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Rechtswissenschaftliche Fakultät Lehrstuhl Fiocchi

Contemporary History of Law - Special Focus FS 2024: War and Humanity: the Rise of International Humanitarian Law

Henry Dunant at Solferino, Source:
Henry Dunant (1828–1910), Swiss philanthropist and co-founder of the International Committee of the Red Cross; Nobel Peace Prize laureate 1901; Source:

Event Number: 0581
Event Time: Wednesday, 12:15-13:45 (from 19.02.2024 to 29.05.2024)
Room: RAI-H-041

The date of the exam will be announced soon.

Lecture in the Master of Law programs: Course Catalogue


Format of the course

On site lecture + streaming (zoom): all lectures will be recorded and available as podcasts in Olat.

Content of the course

This year we celebrate the 160th anniversary of the First Geneva Convention for the Amelioration of the Condition of the Wounded in Armies in the Field. The Convention was held on 22 August 1864 with the aim of alleviating the effects of war on soldiers and civilians. In 1863 the International Red Cross was founded in Geneva. The Swiss businessman Henri Dunant, a witness to the atrocities of the Battle of Solferino (1859), had the idea of setting up an international organisation to protect and assist the wounded in armed conflicts. Is there a relationship between military necessity and the principle of humanity? How did international humanitarian law come into being?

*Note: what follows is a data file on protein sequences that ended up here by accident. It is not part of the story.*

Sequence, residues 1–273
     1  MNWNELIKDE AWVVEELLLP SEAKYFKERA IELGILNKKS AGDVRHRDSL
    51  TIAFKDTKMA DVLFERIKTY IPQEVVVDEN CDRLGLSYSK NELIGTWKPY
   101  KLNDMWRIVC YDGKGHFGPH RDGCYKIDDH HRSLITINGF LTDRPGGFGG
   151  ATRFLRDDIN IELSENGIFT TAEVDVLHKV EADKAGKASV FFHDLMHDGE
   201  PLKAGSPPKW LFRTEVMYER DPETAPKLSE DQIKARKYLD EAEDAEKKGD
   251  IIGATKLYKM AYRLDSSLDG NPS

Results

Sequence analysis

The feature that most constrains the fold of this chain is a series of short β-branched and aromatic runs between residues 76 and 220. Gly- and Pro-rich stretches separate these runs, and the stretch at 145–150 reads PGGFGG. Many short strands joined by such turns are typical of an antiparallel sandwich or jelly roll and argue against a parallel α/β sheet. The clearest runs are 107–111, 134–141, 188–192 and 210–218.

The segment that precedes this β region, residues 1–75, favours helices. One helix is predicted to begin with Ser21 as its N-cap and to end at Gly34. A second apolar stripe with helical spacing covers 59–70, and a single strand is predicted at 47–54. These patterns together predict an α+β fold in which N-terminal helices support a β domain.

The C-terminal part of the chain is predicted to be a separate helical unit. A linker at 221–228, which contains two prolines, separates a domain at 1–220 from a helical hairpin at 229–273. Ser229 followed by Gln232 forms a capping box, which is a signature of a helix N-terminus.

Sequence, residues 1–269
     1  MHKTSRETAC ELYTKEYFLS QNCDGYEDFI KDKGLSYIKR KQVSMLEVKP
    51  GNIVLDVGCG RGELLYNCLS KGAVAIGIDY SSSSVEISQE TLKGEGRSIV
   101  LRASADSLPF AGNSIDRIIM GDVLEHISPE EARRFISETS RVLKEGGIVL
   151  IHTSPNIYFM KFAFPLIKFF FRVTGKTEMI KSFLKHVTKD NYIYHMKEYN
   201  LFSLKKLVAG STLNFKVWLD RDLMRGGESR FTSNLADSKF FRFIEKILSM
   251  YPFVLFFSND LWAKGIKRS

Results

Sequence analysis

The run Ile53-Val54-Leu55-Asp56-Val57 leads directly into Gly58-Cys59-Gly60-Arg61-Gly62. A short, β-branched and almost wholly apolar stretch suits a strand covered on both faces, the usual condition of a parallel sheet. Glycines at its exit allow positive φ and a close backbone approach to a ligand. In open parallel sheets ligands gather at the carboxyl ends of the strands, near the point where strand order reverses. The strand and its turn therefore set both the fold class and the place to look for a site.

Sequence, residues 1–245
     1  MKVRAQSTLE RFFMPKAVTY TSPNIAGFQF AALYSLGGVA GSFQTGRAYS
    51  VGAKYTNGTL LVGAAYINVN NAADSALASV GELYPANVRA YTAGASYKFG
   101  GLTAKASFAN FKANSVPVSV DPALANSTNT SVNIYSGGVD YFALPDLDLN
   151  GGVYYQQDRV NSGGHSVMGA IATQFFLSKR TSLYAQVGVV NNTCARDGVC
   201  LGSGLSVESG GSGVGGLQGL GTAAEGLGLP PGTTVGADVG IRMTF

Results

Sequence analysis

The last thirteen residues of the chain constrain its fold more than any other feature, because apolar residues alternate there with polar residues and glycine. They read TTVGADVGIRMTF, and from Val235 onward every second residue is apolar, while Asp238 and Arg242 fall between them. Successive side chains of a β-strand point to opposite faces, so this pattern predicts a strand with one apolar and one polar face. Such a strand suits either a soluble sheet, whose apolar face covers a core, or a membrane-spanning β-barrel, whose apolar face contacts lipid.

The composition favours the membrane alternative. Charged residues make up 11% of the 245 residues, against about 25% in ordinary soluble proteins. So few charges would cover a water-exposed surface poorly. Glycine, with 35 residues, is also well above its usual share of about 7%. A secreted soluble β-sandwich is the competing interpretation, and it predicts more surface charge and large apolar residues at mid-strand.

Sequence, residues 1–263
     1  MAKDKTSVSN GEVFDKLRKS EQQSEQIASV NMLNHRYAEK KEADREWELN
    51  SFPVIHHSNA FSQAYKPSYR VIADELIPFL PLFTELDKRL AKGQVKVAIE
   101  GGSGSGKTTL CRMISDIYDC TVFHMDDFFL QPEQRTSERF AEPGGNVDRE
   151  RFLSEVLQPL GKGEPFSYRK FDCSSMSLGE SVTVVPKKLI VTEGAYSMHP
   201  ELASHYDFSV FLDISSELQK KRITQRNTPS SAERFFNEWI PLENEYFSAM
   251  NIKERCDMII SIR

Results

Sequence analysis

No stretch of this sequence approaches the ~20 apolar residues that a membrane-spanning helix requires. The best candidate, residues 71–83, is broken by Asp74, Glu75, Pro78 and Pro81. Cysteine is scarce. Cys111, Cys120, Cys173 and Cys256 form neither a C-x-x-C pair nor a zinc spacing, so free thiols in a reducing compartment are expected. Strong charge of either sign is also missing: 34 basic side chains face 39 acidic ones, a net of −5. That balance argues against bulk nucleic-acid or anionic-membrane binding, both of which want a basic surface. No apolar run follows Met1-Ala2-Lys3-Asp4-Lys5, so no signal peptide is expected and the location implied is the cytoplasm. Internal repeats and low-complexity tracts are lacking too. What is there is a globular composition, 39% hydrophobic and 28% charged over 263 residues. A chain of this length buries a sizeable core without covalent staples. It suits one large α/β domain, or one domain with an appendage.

The course particularly draws attention towards the time from the 18th to the 20th century, scrutinizing the general theories of the modern state and the creation of the international law system. The complex and contradictory relations between violence and law, war and law, race and law, and finally the (in)equality of men under the law will be also addressed. The course will outline the legal consequences of these aforementioned entanglements, interactions and collisions. It will analyse how these consequences relate to the nature and construction of the social order from a legal historical perspective.

Reading of primary sources combined with a critical reconstruction of law and examining the works of jurists in their historical context will form part of the course.


Aim of the course and learning outcomes

After the successful completion of this course students can understand the social and cultural mechanisms of law in their historical contexts; to comprehend and critically explain the ways how law structures state systems and operates within international systems and therefore; to understand, discuss and explain how some concepts become «legal», and to analyse their fundamental influence on the social order from a historical perspective.

Lecture material

Sources and reading materials will be uploaded together with the slides. Please find slides, sources, reading materials and Podcast on:


Weiterführende Informationen